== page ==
MONTREAL -- Calling it a "true revolution," Assembly of First Nations of Quebec-Labrador (AFNQL) Chief Ghislain Picard sounded optimistic Thursday about the start of a two-day summit meant to bring Indigenous nations into the Quebec economy.

"This Grand Circle is not an end in itself, but the beginning of a movement for the full participation of Indigenous Nations in our economy," said Picard in his opening speech at the major networking event between Indigenous entrepreneurs and chiefs, business leaders and MNAs.

The Grand Economic Circle of Indigenous Peoples and Quebec, a joint initiative by AFNQL and the provincial government, was also launched by Indigenous Affairs Minister Ian Lafrenière, who welcomed an "incredible" opportunity to "establish a plan for the future."

"In the next two days, I invite you to work together to find solutions so that the economic share that belongs to the First Nations is really well done and is done together,” he said.

The conference room at the Centre Sheraton Hotel was packed Thursday, with participants already fully engaged in conversation before the speeches.

Chief Picard cited the rich tradition of trade between First Nations prior to the arrival of Europeans and "the destruction of our economies."

"What we are announcing is nothing less than a true revolution... and let us hope that this revolution is not a quiet one,” he said.

As part of the event, "Quebec businesses and organizations are invited to make public commitments to better include Indigenous Peoples in the economy," the website stated

RETURNING TO THE CIRCLE

Chief Picard also made a point of "tackling the elephant in the room," namely the issue of unceded territories.

“I want to reiterate our determination to have our rights, our ancestral territories and our self-government respected," he said.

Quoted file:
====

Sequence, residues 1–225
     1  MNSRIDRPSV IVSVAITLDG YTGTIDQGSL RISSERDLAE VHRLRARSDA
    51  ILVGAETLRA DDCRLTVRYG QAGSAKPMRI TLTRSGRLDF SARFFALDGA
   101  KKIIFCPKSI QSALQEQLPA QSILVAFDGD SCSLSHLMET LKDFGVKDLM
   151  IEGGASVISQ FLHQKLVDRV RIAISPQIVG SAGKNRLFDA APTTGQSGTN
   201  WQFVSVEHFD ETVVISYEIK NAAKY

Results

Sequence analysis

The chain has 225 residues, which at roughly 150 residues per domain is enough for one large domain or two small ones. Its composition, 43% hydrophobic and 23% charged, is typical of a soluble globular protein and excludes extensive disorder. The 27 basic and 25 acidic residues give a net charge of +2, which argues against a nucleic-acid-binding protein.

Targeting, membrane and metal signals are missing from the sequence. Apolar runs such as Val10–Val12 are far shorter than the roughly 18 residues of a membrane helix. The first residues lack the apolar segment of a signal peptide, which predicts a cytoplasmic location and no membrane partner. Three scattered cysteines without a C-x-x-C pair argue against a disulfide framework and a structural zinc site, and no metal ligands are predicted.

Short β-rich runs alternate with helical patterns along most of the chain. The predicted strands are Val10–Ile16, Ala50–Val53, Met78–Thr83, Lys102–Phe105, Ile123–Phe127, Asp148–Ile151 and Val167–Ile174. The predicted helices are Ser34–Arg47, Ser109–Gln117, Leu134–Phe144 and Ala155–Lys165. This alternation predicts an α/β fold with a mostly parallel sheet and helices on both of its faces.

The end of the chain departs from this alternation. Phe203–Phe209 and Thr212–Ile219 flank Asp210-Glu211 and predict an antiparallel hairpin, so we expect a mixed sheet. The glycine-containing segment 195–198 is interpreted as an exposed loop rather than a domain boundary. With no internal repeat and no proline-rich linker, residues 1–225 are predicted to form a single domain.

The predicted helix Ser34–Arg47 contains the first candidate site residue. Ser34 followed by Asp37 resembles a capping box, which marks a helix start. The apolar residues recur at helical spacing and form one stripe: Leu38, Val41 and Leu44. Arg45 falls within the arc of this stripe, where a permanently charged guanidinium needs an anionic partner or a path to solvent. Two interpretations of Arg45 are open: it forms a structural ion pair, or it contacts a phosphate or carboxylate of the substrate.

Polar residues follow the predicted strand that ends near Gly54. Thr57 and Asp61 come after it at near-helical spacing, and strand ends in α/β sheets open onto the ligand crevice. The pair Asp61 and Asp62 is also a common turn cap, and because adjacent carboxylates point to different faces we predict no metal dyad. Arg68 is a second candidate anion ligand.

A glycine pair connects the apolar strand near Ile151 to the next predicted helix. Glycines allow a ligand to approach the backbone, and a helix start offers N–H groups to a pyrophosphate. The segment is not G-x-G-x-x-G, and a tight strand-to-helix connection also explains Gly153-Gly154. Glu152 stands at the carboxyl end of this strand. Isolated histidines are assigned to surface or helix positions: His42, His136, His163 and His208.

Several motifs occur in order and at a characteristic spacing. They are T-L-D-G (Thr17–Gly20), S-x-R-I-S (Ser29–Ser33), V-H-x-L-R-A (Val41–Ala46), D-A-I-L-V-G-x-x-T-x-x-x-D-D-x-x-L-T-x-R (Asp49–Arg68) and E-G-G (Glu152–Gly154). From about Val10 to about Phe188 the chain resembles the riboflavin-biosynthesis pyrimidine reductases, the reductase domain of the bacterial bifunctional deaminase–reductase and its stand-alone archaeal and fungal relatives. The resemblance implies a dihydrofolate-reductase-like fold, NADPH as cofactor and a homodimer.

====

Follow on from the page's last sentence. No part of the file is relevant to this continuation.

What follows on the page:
“Land is the foundation of wealth in this province," said Assembly of First Nations National Chief RoseAnne Archibald. "The people who are the rightful custodians of this land are the First Nations... They must be central to the discussion.”

She added, "the pandemic has exposed the inequalities faced by First Nations and the injustices they have suffered.”

She also spoke of "the grief of thousands of our grandchildren who never found their way home" after dying in residential schools.

We must “support our next generation of children” so that they have a better future, she concluded.

The circle, in Indigenous traditions, represents something sacred: “the relationship that binds everything in our world ... our interdependence and responsibility to the smallest of plants and animals,” explained Chief Picard.

He said he hopes the discussions and business opportunities that will come out of the event will be a step towards restoring the circle that was broken by colonization.

The Grand Circle will continue on Friday with many activities and panels.

- This article was produced with financial support from Facebook and The Canadian Press News Fellowships and was first published in French on Nov. 25, 2021.